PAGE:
Andy Warner is an interesting CCS grad in that he has effortlessly bridged the gap between Applied Cartooning in the form of research & reportage and his own personal, slice-of-life work .The Palace Of Ashes is a perfect example of long-form reportage that one would probably call a "feature" if it appeared in a newspaper. It's a thorough, interview-driven account of how an old San Francisco creamatorium called the Columbarium has been slowly restored by a single man named Emmitt Watson. Warner has the gift of being a solid naturalistic cartoonist, capable of conveying tiny but crucial details regarding a subject. He's not quite at Joe Sacco level (who is?), but he's definitely in that style shared by the likes of Josh Neufeld. Solid, utilitarian cartooning that gets at the details and the facts while telling someone's story. And this comic is less about the building than it is one man's life's work, a work he knows he will not complete. It's a simple, beautiful story.
Warner treats his fictional characters with the same degree of care and compassion, even if their paths are a little more crooked and winding. When We Were Kids, a collection of short stories originally published in the first three issues of the anthology Irene, has a remarkable sense of continuity both in terms of theme and in style. Each of them is about an intimate but not sexual relationship and the ways in which that relationship takes on a special resonance due to circumstances. In "Come Into My Heart", for example, a pair of teens drop acid and walk to the sand dunes. The unnamed boy confesses to his friend, an unnamed girl, that his drama teacher made him perform a sexual act as punishment for not finishing an assignment. The confession comes as the boy is at the same time keeping both his friend and the world at arm's length, only to symbolically let her in when they have to huddle in the wind in order to light a cigarette. It's a clear but nicely crafted metaphor, one that's not belabored.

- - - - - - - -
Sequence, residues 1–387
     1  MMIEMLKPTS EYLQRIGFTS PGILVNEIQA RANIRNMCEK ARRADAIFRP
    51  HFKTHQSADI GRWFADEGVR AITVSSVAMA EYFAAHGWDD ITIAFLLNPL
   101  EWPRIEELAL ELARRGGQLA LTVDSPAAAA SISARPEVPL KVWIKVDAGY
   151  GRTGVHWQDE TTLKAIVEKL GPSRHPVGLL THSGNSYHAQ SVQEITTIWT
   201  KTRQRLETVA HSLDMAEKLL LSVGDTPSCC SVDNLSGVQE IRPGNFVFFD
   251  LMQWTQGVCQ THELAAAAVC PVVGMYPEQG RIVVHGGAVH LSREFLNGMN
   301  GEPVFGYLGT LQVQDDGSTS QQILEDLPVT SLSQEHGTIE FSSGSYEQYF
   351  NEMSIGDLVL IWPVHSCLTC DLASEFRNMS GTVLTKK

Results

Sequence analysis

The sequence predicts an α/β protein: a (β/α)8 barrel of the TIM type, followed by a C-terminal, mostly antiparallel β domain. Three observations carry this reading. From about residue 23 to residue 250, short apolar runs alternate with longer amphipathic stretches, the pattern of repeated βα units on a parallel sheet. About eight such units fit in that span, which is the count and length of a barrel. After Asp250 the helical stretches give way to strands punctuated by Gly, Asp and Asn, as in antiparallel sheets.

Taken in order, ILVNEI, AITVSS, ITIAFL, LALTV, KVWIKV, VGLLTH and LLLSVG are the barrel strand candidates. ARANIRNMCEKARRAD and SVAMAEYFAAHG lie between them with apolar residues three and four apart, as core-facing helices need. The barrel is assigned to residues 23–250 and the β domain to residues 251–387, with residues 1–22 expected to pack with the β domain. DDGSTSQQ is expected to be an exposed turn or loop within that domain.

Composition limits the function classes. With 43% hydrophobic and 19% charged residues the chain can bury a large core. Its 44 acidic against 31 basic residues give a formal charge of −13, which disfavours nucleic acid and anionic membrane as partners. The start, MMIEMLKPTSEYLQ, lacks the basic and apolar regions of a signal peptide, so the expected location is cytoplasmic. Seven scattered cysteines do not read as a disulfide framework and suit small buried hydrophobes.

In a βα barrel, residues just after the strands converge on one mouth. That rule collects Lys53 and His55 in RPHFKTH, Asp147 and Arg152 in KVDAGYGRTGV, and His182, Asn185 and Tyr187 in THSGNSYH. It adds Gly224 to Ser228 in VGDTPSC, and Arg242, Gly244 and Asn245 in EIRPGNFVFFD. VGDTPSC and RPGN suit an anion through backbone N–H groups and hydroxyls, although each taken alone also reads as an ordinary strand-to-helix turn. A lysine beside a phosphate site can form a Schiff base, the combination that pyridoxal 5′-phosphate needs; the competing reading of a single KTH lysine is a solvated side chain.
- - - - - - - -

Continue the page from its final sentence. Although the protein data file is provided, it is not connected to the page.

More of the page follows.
The same goes for "Champions", about a young boy's adoration of his live-wire older brother. Living in a house with an abusive stepfather, he sees in his older brother's reckless disregard for any kind of authority or sense a sort of heroic virtue. As his drunk brother prepares to go on a snowmobile race, Warner doesn't have to tell the reader the outcome of the race for the message to be clear: this is a doomed situation. Finally, "Boat Life" is the gentlest of the three stories. It's about a pair of friends in a classic Enid/Becky (from Ghost World) situation: one of them is going off the college and the other is staying home. How they carefully negotiate their future (through the language of put-downs and trash talking) is grafted to the graveyard setting, where the duo is getting high and dodging the creepy caretaker. While still firmly ensconced in their old paradigm of friendship, they take small, tentative steps to create a new one. Every one of these stories is about finding one's role, all of them to varying degrees of success. Warner's stories are polished without being overly slick and always try to get at the essential humanity behind every character.